A senior US general warned on Friday that the “terrorist forest fire” was sweeping across a swath of Africa and needed the world’s attention. He spoke at the end of the large-scale war games led by the United States with American, African and European troops.
The African Lion War Games, which lasted nearly two weeks, spread across Morocco, a key US ally, with smaller games being held in Tunisia and Senegal. Annual exercises were skipped last year due to the COVID-19 pandemic.
General Stephen J. Townsend, head of the US Africa Command, praised the work being done in the joint operations and painted a grim picture of the threats besetting parts of Africa.
“I am concerned about the security situation in a strip of Africa,” from the Sahel region in the west to the Horn of Africa, Townsend told reporters. He noted deadly attacks by jihadists linked to al-Qaida and the Islamic State and al-Shabab. “They are all on the move,” he said.
African neighbors are helping governments deal with the threat, but, he added, “all of this does not seem enough to stop what I call … (the) terrorist forest fire sweeping this region” .
The African Lion has seen more than 7,000 troops from seven countries and NATO jointly conduct air, land and sea exercises.
“This has contributed to our interoperability, to our joint capabilities and has provided preparation and a good opportunity to strengthen cohesion between the forces,” said Major General Andrew Rohling, Commander of Task Force South Africa of the US Army. He spoke on Friday in the desert town of Tan-Tan.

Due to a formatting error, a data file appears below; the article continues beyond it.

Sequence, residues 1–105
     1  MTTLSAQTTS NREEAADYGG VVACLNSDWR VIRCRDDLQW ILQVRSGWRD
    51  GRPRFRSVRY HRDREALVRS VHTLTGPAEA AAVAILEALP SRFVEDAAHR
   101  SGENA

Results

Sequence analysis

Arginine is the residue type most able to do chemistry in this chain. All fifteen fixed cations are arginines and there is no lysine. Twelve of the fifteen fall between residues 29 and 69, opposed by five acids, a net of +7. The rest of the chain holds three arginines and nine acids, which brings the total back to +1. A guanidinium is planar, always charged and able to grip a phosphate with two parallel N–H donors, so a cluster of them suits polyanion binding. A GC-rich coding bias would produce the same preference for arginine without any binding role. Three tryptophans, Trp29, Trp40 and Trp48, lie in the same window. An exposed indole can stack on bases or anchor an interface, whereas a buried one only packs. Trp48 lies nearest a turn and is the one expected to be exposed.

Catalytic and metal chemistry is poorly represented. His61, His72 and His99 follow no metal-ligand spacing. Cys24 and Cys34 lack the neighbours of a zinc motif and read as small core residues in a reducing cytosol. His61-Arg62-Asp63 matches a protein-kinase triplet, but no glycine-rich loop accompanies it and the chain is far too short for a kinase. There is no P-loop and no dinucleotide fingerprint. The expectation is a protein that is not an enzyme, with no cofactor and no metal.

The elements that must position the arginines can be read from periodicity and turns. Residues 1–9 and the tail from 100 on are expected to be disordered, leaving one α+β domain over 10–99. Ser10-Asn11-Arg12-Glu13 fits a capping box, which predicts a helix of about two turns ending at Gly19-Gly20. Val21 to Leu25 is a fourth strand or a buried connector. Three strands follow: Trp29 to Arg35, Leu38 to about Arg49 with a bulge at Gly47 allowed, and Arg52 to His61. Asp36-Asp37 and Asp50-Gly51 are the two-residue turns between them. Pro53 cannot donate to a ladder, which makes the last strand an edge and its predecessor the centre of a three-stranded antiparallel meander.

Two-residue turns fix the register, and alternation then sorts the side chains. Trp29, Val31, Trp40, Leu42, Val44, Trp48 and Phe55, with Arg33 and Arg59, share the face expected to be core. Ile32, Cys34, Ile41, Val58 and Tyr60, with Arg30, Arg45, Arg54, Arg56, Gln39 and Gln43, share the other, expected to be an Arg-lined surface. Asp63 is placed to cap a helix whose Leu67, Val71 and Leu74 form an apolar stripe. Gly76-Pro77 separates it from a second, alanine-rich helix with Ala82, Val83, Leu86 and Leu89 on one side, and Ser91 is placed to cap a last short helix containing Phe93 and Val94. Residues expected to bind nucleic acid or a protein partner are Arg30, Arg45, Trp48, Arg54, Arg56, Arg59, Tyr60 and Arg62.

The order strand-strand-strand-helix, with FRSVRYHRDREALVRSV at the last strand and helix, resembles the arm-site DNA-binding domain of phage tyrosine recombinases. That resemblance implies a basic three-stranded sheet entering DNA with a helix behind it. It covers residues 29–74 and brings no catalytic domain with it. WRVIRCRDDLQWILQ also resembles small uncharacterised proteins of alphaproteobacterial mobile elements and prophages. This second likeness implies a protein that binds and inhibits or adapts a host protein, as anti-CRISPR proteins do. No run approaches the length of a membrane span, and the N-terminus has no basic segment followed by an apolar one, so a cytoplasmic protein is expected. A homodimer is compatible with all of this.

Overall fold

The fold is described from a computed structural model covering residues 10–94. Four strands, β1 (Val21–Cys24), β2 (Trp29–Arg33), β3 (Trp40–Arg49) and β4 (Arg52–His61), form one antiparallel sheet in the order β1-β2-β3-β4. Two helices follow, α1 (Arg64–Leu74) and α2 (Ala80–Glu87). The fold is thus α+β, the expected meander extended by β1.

There was a hitch early on, with Spain pulling out of the war games for budgetary reasons. Press reports attributed the move to Spain’s poor relations with Morocco, a former key partner.
The two countries have been at loggerheads since Spain recruited the leader of the Polisario Front independence movement – Morocco’s number one enemy – for COVID-19 treatment in a Spanish hospital earlier this year. The Polisario is fighting for the independence of Western Sahara, a vast region that Morocco claims as its own.
During the exercise, Morocco conducted airborne operations near Western Sahara and not far from the Polisario refugee camps in Tindouf, neighboring Algeria.
“These activities were perfectly carried out and agreed between the two armies,” Moroccan Brigadier General Mohammed Jamil told The Associated Press.
Townsend, asked if any action has spilled over into the disputed Western Sahara, was adamant: “I can confirm that is not the case. “
The countries participating in the African Lion were the United States, Morocco, Tunisia, Senegal, Italy, the Netherlands and Great Britain. Observers from countries such as Egypt, Qatar, Niger and Mali were also present.
—Mosa’ab Elshamy, The Associated Press